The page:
Arts Derbyshire


Sell out for Derby Folk Festival as live concerts make long awaited return

Sell out for Derby Folk Festival as live concerts make long awaited return

Derby Folk Festival bounced back as a weekend of live events in style on Friday 1st October.

When COVID-19 disrupted live shows, last year’s event moved online and became the well-received Derby Folk Festival at Home. But this year saw the long-awaited return to live concerts and did not disappoint, with visitors travelling from across the UK and Ireland.

The weekend kicked off with The Last Inklings at the Old Bell Hotel Ballroom, before India Electric Co. and Kitty Macfarlane entertained crowds at the Derby Loves You venue in Derby Market Place, renamed the Mick Peat Stage in honour of the festival’s co-director who sadly passed away in January.

Saturday saw Steve and Julie Wigley, Melrose Quartet, Winter Wilson and Home Service take to the Mick Peat Stage, while Derby Cathedral made a spectacular setting for Doug Eunson & Sarah Matthews, Rare Occasion, Ellie Gowers, and Jim Moray.

A very special concert, celebrating the life of Mick Peat, saw a host of artists coming together in a heartfelt and emotional tribute. Many artists appearing through the rest of the day were joined by Jo Freya, Jim Causley, Lester Simpson, Blair Dunlop and an ensemble of The Derbyshire Volunteers – playing songs and tunes that were connected with Mick and his passion for music.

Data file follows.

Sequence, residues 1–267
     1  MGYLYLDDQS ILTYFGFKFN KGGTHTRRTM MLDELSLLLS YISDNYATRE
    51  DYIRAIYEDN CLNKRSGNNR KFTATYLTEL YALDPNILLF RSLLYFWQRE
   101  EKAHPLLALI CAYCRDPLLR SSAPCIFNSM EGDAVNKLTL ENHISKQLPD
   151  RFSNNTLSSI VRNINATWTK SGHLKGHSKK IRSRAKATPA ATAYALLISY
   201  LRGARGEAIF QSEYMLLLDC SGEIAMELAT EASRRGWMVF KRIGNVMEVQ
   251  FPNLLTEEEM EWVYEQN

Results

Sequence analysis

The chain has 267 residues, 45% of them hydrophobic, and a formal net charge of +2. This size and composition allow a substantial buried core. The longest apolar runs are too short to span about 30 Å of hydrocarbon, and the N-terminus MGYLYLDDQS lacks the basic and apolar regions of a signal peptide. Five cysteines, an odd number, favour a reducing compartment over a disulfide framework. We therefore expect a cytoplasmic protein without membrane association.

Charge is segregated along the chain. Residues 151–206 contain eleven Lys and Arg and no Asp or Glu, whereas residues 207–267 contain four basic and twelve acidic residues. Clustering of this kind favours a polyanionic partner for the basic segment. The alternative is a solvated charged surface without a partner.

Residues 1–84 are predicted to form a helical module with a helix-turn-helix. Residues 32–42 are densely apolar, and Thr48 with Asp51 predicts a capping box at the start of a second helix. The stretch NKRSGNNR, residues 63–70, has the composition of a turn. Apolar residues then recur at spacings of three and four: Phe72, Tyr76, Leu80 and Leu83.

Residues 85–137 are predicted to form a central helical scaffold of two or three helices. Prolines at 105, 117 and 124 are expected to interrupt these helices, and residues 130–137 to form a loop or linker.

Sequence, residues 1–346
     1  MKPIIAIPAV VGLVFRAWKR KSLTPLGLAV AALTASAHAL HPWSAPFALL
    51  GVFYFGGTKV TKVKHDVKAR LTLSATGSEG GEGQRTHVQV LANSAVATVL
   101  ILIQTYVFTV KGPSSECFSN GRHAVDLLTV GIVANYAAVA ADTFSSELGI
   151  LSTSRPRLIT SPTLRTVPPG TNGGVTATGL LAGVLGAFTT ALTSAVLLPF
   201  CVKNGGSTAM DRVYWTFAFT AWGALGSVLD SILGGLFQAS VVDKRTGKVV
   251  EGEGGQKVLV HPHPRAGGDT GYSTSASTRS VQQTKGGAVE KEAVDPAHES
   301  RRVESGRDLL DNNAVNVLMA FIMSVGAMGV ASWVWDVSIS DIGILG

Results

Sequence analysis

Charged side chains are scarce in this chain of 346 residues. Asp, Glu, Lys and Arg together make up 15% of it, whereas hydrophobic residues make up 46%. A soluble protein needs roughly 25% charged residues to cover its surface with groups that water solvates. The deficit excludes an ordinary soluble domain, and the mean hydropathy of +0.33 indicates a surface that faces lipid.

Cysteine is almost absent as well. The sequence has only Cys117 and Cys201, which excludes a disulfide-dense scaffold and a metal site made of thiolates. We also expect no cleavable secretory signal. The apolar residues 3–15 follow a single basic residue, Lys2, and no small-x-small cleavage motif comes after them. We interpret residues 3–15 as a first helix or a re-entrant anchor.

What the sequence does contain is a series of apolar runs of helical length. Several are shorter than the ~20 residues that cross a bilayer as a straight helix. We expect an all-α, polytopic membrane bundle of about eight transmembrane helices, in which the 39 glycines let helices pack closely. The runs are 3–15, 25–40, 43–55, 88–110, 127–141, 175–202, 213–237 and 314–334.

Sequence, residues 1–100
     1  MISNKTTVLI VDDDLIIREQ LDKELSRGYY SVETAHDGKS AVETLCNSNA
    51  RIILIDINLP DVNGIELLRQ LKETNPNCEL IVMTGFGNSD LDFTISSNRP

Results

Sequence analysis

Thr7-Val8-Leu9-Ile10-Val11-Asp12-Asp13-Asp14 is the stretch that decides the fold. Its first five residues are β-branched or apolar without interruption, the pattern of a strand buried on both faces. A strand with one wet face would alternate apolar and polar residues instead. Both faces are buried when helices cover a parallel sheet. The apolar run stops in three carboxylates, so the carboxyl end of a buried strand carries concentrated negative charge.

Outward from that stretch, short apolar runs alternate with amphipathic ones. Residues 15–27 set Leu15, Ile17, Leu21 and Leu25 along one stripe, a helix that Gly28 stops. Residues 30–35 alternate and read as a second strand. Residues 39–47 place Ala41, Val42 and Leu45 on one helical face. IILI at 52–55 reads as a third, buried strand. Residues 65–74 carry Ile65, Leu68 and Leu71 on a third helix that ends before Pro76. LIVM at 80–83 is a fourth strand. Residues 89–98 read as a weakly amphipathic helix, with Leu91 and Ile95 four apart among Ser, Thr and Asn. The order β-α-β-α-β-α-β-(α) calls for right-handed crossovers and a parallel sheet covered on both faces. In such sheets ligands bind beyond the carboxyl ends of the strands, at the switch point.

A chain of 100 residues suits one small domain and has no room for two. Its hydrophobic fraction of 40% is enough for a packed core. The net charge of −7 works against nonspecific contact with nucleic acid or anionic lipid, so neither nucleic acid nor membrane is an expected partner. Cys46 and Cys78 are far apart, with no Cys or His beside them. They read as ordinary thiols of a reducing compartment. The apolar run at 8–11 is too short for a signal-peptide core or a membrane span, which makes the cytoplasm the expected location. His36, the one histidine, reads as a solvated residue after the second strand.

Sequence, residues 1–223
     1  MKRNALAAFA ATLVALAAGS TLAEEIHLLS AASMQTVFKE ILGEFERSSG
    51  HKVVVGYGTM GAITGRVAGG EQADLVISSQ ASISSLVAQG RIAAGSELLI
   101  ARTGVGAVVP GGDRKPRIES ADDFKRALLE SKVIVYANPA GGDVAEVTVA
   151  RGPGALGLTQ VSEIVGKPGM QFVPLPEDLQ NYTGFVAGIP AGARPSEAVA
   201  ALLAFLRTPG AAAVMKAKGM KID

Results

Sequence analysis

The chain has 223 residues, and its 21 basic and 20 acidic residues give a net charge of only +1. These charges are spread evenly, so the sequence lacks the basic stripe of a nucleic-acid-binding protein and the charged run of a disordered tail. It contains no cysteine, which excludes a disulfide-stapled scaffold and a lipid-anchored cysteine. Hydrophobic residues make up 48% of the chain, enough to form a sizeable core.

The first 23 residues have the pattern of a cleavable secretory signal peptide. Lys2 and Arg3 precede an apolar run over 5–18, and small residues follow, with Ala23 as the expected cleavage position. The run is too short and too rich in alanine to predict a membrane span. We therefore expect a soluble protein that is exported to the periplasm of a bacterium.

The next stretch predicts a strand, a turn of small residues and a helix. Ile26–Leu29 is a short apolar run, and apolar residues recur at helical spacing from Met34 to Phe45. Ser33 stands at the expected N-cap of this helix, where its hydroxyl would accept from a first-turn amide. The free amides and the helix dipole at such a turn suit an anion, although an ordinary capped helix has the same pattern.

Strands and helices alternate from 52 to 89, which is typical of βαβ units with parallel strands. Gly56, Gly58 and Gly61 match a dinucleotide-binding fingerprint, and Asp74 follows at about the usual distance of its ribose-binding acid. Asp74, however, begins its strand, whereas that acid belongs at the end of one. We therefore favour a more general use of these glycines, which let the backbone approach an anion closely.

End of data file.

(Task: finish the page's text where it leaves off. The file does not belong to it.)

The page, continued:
As part of the concert, Oddsocks Theatre Company were announced as the winners of the first Mick Peat Drystone Bursary The award was created by Drystone, an organization that Mick founded and was President of, to encourage and facilitate creativity in all its forms, and help re-build the arts following the Covid-19 crisis.

Sell out for Derby Folk Festival as live concerts make long awaited return

The festival rounded off on Sunday with a mammoth day of music back on the Mick Peat Stage, featuring Intarsia, Ranagri, Road Not Taken, Flats & Sharps, Ninebarrow, and O’Hooley & Tidow – closing, as has become tradition, with a rousing rendition of John Tams’ Rolling Home as the audience left, whilst the festival’s flyer flowers were given out.

Throughout the weekend many were able to enjoy some fantastic fringe events in the Ballroom at the Old Bell Hotel, which featured music and spoken word through Saturday and Sunday. As well as the Fun Folk Palace at the Museum of Making on the Friday evening, which included workshops and performances, there was traditional folk dancing in the city centre, and even a free ceilidh on the Market Place.

Councillor Ross McCristal, Cabinet Member for Wellbeing, Leisure, Culture and Tourism, said: “It was great to get back to a live folk festival once again, and to sell out shows how much this event was missed last year. I want to say a big well done and thank you to everyone involved in the planning and delivery of another great cultural event in Derby, and we look forward to more exciting events coming up in the City.”

Lucy Ward, Derby Folk Festival Patron, said: “I could not be prouder of the success of this, the 15th Derby Folk Festival. For years we have brought the world’s best in roots and acoustic music to our city, enriching it with culture and sounds that echo through our historic market place. The legacy of our founder Mick Peat lives on in the smiles, dancing, singing and joy we saw this weekend.”

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